Minimizing Damage

When you dye your hair, it's essential to consider the condition of your hair. The hair color numbering system often includes a separate developer or "developer strength" number. The developer is the oxidizing agent that activates the hair dye and determines how much lift and color deposit will occur. Developer strength is typically represented as a volume, such as 10, 20, 30, or 40 volume. The higher the volume, the more lift and color change it provides. Understanding the developer's strength is essential for achieving the desired result, especially when you need to lighten or darken your hair.

  • 10 Volume: This is the lowest strength and is often used for toning, depositing color, or darkening hair slightly.
  • 20 Volume: Commonly used for lifting one to two shades and is suitable for gray coverage.
  • 30 Volume: Provides more lift and is used for lightening hair by two to three shades.
  • 40 Volume: Offers maximum lift and is used for dramatic lightening, but it can be harsh on the hair and is typically used by professionals.


The hair color numbering system can also specify whether a product is permanent, semi-permanent, or demi-permanent. This information is essential for understanding the longevity and commitment level of the color.

  • Permanent: These hair colors use a developer to lift and deposit color, and they last until your hair grows out. They provide the most significant color change.
  • Semi-Permanent: These colors don't use a developer and typically last through several washes. They're ideal for adding temporary color or enhancing your natural shade.
  • Demi-Permanent: These colors use a low-volume developer and last longer than semi-permanent but less than permanent colors. They're suitable for subtly altering color or adding shine.

The hair color numbering system can include letters or symbols that represent certain ingredients or benefits in the formula. For example:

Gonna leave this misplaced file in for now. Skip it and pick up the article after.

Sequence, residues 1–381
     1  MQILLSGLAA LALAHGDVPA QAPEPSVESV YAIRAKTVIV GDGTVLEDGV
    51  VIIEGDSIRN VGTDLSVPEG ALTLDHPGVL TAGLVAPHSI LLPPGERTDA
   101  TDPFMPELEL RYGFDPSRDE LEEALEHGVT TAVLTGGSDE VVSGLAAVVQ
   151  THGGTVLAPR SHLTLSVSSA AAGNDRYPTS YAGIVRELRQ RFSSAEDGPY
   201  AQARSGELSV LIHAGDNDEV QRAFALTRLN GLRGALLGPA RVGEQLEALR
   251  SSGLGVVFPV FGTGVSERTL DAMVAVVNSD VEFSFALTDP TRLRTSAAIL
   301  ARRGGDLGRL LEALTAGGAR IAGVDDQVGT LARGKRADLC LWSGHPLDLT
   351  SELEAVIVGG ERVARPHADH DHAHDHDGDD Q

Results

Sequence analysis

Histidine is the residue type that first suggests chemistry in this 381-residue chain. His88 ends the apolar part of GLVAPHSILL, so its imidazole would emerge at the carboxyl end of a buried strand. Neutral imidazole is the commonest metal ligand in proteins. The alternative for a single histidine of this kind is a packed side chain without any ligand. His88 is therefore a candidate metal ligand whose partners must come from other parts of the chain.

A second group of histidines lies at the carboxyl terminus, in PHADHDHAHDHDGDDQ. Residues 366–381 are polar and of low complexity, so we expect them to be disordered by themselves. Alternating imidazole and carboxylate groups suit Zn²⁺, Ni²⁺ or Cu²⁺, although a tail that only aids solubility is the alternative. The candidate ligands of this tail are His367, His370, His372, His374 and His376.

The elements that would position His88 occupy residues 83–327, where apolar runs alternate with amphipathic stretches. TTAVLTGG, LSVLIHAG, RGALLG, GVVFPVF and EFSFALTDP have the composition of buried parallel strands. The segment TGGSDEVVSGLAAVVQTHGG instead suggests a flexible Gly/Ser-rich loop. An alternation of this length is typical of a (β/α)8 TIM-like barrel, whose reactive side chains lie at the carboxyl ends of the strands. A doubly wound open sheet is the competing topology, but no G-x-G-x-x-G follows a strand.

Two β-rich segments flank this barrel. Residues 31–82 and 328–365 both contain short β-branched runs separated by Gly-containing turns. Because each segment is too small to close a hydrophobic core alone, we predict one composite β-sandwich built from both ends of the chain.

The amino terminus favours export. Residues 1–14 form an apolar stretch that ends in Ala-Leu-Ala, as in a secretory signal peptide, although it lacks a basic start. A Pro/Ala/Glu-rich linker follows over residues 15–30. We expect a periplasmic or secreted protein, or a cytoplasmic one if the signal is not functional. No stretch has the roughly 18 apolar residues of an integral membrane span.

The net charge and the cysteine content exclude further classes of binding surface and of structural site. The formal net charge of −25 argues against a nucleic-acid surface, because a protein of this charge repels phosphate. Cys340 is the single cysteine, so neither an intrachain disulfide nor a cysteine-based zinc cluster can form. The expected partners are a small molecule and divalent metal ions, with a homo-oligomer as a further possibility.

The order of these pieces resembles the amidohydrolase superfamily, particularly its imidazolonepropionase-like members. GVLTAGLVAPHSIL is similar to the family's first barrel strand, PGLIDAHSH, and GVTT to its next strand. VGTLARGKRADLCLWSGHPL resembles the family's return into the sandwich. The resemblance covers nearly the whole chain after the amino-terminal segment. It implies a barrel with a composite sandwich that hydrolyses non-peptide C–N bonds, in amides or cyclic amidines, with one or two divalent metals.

• C: Conditioning formula that includes ingredients to nourish and hydrate the hair.
  • M: Moisturizing formula that provides extra moisture to prevent dryness.
  • R: Repairing formula that helps to strengthen and repair damaged hair.
  • V: Vibrant or intense color formula, which is often used for fashion colors and vivid shades.

Understanding these symbols can help you choose a formula that aligns with your hair's specific needs and your desired outcome. For instance, if you have dry and damaged hair, a formula marked with "C" and "R" may be an excellent choice. Some products in the system are designed to minimize damage and nourish your hair while coloring. Look for labels that mention features like "conditioning," "moisturizing," or "repairing" to ensure you're making a gentle choice for your hair.


The hair color numbering system is more than just a set of numbers and letters; it's a tool that empowers you to personalize your hair care. Understanding the hue, tone, and reflection of your chosen hair color allows you to make informed decisions, minimize damage, maintain your color, and correct any mistakes. With this knowledge, you can confidently embark on your hair coloring journey and enjoy vibrant, healthy, and beautifully personalized locks, however, it's always best to consult a professional who has both knowledge and experience when you are applying the color to your hair. Happy coloring!

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Elia Seyfried

Elia enjoys a good book, is a hair care enthusiast, loves to write, and hopes to inspire and educate through her work.